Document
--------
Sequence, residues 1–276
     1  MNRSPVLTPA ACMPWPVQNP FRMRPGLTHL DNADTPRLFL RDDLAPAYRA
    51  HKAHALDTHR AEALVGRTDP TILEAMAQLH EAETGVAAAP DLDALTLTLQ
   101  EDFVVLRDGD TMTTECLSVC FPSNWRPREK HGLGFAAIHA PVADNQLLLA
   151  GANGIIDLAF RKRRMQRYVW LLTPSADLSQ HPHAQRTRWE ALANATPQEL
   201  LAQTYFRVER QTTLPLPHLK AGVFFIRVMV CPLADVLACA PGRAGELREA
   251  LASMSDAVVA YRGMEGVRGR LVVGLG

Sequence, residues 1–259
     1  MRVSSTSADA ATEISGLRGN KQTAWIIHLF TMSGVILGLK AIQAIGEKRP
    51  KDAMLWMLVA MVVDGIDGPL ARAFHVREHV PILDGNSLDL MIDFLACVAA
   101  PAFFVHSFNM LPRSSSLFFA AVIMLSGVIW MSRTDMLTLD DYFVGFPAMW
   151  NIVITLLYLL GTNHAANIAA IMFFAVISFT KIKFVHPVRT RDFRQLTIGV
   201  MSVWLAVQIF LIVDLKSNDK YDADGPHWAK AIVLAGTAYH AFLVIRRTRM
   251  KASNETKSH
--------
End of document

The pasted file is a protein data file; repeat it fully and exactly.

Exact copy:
Sequence, residues 1–276
     1  MNRSPVLTPA ACMPWPVQNP FRMRPGLTHL DNADTPRLFL RDDLAPAYRA
    51  HKAHALDTHR AEALVGRTDP TILEAMAQLH EAETGVAAAP DLDALTLTLQ
   101  EDFVVLRDGD TMTTECLSVC FPSNWRPREK HGLGFAAIHA PVADNQLLLA
   151  GANGIIDLAF RKRRMQRYVW LLTPSADLSQ HPHAQRTRWE ALANATPQEL
   201  LAQTYFRVER QTTLPLPHLK AGVFFIRVMV CPLADVLACA PGRAGELREA
   251  LASMSDAVVA YRGMEGVRGR LVVGLG

Sequence, residues 1–259
     1  MRVSSTSADA ATEISGLRGN KQTAWIIHLF TMSGVILGLK AIQAIGEKRP
    51  KDAMLWMLVA MVVDGIDGPL ARAFHVREHV PILDGNSLDL MIDFLACVAA
   101  PAFFVHSFNM LPRSSSLFFA AVIMLSGVIW MSRTDMLTLD DYFVGFPAMW
   151  NIVITLLYLL GTNHAANIAA IMFFAVISFT KIKFVHPVRT RDFRQLTIGV
   201  MSVWLAVQIF LIVDLKSNDK YDADGPHWAK AIVLAGTAYH AFLVIRRTRM
   251  KASNETKSH